Exponential data growth, server and desktop virtualisation, databases, web 2.0 applications and high performance computing (HPC) are all contributing to new data management challenges.
Streaming and transactional data in particular drive new requirements for
storage infrastructure. Customers more than ever need the best solutions at the
Customers looking to compete globally must have fast access to data and that access must be able to scale quickly to handle unpredictable spikes in workloads.
Yet total cost of ownership must remain low. A tough challenge, and one that vendors and the channel must tackle together.
Storage, a $40bn industry, is going through a shift similar to that of the server market in the mid-90s. Customers want state-of-the-art storage systems with open architectures and easy deployment.
Turmoil in the financial markets means total cost of ownership has never been so important and will continue to be critical for buying decisions made this year.
Open storage offers businesses something totally different and has already begun to completely revolutionise the storage landscape.
Open storage enables customers to freely mix and match datacentre components to produce systems that can be re-purposed simply by adding software.
We think that users of such systems can accelerate their business growth and save up to 90 per cent on their storage costs, when compared with closed, proprietary storage.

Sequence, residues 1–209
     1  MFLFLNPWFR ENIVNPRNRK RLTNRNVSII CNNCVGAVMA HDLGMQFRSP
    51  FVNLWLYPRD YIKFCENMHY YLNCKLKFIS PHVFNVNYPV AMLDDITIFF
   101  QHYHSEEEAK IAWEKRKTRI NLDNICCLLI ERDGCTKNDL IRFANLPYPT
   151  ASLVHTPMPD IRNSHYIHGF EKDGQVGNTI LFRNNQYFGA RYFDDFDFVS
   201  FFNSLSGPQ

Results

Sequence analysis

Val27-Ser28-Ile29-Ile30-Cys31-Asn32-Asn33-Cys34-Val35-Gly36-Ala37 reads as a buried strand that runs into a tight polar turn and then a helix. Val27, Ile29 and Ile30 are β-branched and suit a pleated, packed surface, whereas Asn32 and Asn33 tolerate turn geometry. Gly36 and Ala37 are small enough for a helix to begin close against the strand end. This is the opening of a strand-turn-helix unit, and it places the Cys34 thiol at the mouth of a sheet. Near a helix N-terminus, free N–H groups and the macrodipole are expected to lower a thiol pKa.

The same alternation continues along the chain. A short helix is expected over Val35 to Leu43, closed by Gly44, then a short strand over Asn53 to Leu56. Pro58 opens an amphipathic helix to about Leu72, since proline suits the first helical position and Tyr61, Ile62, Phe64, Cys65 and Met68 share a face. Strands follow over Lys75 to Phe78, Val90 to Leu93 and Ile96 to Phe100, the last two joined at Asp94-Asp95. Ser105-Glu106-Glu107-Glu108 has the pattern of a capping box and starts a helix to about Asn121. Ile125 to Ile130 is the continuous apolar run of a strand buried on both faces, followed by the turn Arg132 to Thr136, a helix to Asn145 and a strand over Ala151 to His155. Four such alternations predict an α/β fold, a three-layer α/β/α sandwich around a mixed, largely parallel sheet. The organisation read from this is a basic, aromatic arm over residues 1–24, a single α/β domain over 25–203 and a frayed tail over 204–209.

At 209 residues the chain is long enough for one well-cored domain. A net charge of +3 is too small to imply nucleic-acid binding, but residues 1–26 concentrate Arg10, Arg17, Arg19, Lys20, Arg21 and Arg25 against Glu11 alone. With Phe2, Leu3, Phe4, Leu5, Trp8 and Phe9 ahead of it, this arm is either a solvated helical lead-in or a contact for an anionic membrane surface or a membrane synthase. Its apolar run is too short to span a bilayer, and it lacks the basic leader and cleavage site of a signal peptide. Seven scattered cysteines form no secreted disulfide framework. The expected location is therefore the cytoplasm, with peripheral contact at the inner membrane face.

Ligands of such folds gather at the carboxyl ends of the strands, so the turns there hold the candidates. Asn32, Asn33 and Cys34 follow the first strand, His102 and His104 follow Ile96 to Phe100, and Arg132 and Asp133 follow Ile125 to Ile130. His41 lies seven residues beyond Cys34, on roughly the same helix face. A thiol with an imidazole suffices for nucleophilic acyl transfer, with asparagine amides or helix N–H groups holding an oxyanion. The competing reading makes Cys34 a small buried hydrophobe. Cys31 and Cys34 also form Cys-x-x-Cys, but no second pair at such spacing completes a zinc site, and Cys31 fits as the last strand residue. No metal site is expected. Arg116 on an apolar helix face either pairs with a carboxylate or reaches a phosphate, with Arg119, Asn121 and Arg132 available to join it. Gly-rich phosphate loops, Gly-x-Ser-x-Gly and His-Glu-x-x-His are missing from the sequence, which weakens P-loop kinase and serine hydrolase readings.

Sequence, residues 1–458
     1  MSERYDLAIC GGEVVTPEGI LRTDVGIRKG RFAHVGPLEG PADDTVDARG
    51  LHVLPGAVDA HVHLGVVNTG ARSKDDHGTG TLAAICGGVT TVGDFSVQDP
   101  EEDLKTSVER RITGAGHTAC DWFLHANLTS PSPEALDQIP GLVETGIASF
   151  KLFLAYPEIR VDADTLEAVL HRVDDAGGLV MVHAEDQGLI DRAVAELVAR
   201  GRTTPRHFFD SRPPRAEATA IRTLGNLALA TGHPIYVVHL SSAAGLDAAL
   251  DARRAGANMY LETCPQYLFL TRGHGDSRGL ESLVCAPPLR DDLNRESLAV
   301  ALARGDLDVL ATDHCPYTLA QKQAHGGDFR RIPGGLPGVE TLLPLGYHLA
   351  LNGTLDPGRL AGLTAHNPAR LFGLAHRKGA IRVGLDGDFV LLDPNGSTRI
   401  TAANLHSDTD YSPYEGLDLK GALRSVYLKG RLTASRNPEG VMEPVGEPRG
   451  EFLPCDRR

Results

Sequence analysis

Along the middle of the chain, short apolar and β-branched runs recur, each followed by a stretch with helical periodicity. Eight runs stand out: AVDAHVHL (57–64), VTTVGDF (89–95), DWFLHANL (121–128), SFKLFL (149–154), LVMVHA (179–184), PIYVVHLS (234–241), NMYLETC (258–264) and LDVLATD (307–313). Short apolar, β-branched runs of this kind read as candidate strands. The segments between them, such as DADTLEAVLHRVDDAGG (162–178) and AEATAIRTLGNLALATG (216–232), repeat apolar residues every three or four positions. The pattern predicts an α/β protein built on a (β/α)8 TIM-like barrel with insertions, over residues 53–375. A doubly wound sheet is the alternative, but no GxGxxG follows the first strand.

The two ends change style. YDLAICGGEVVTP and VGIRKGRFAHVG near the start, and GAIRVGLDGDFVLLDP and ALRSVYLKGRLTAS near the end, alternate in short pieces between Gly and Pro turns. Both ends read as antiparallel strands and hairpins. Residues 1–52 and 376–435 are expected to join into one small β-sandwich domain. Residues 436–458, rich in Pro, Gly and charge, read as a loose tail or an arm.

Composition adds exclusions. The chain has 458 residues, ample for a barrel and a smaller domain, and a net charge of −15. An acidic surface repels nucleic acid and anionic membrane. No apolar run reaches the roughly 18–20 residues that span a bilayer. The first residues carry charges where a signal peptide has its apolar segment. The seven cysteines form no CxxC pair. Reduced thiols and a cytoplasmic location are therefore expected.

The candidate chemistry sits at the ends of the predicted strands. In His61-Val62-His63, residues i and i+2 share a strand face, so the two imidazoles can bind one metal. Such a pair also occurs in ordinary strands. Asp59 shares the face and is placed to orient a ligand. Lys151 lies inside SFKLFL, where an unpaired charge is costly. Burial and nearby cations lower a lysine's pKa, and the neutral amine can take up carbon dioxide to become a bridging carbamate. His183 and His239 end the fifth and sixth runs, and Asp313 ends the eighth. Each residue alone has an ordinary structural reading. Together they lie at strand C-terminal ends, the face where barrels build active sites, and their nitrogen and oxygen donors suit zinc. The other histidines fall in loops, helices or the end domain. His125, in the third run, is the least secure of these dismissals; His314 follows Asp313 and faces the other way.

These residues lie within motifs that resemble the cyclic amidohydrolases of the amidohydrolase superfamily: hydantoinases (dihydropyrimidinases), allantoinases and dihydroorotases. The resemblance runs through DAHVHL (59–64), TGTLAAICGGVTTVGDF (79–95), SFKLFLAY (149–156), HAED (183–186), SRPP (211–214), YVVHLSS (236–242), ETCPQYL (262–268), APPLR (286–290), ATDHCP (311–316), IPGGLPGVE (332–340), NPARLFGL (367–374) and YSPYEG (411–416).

Cost is not the only issue. UK datacentres are running out of space, especially in London. Ensuring companies are able to cope with increasing amounts of data is not only a storage issue but a disaster aversion strategy.
The network is the computer, and we are just beginning this next evolution of the internet and delivering software as a service (SaaS). The cloud also offers remote storage. Vast datacentres linked to the internet can become available for everyone to use.
Enterprises are investigating the opportunities and look to technology partners to help them gain efficiencies through cloud computing.
However, the cloud is not the solution for companies that have high-transaction databases or temporary storage. It can make sense, conversely, for a company with unpredictable storage demands, a need for an inexpensive storage tier or a low-cost, long-term archive.
The storage market is evolving, driven by customer demand and a need to make every penny count in uncertain economic times. The channel has a vital role to play and can in part, along with the vendors it works with, help shape the future of the storage industry.
Kim Jones is UK managing director at Sun Microsystems
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